Photo taken by T. Hennig/Wisentgehege, Springe
Photo taken by T. Hennig/Wisentgehege, Springe
Great news, right?!!!
Ah, but wait...
...sure we could buy this colt without incurring financial hardship. But flying a horse from Germany to Canada was an extravagance beyond our humble island means. How could I possibly even discuss this with Kevin, knowing that since our immigration we necessarily had to live extremely frugally, especially while much of our disposable income lay tied up in our yet unsold farm back in Michigan?
Of course this was all true...but you just know I had to at least discuss the offer with Kevin.
"NO!" he said, "It's absurd!...Duckie, we cannot do it!"
Yes, he was right. Considering our limited finances and our dedication to focusing on paying off our mortgage on Ravenseyrie--to assume the financial burden of importing a horse from Germany was a ridiculous undertaking.
So, "No" it was...
...besides, having once been a peon at a boarding stable where dressage queens were frequently importing horses from Europe, I knew our manner of living was far removed from the "well-heeled" lifestyles where such things were done.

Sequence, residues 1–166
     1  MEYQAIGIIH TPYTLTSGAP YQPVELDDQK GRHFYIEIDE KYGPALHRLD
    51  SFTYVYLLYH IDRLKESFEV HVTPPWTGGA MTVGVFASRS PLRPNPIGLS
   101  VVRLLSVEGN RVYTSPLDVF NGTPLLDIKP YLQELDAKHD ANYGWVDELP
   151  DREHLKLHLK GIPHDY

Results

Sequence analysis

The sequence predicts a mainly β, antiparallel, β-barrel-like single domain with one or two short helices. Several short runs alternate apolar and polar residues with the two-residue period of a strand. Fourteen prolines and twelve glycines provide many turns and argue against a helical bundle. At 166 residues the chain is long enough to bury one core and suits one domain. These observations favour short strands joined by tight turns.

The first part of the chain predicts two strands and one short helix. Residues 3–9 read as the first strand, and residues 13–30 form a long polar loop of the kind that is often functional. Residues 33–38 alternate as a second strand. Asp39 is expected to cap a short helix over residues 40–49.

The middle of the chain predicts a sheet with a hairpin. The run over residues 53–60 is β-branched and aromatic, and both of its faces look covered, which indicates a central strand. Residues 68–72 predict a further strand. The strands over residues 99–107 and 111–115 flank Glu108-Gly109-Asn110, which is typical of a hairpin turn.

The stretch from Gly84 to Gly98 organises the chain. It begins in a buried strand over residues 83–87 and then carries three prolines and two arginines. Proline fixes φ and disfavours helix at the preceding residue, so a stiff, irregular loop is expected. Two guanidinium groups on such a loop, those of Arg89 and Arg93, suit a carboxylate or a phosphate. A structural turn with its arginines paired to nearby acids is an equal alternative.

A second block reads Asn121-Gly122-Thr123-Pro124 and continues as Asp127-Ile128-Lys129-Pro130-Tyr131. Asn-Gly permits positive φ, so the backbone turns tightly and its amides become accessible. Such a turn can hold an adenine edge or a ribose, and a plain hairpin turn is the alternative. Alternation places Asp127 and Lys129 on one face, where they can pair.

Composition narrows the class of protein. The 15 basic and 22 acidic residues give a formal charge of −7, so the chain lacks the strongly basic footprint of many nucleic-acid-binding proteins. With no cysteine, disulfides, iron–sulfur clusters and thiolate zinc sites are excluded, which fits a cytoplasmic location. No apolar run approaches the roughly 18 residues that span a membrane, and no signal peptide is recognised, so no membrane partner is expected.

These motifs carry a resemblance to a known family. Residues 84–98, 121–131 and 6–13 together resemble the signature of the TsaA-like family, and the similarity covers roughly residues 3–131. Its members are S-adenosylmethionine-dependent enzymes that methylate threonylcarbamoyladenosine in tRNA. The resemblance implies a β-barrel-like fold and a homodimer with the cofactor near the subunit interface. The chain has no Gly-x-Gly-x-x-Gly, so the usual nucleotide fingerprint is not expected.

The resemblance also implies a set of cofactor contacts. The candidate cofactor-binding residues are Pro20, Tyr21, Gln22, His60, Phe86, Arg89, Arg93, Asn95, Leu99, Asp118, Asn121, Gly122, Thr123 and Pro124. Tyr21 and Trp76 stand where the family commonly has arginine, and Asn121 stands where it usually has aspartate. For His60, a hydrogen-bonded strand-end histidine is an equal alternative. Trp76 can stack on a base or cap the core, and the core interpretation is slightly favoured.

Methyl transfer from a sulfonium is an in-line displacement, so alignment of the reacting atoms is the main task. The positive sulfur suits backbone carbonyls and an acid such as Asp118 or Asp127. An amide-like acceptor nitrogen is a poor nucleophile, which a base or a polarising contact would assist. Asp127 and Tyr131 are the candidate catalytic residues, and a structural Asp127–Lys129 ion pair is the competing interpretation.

So, this was impossible for us, right?
I don't remember sulking about it...perhaps Kevin remembers differently...but I do recall laying awake at night ruminating over what a huge contribution we could make to the plight of the endangered Sorraia horse by having a purebred Sorraia as a key player on our Sorraia Mustang Preserve.
The two purebred Sorraia stallions residing in the states (Sovina and Tejo II), due to the choices of their respective owners, were not breeding to mustangs of Sorraia type. Sovina had initially bred a few mustang mares, but his owner, Erin Grey had decided the preservation of the Sorraia type mustang was too controversial and later refused to breed to any mustangs, no matter what their phenotype. And Tejo's owner, Karen Dalke, desired to have her Sorraia stallion trained and shown in dressage before embarking upon a breeding career. It seemed that efforts to created a vigorous outcross by mating these Sorraia stallions with mustang mares showing atavistic Sorraia traits had lost momentum.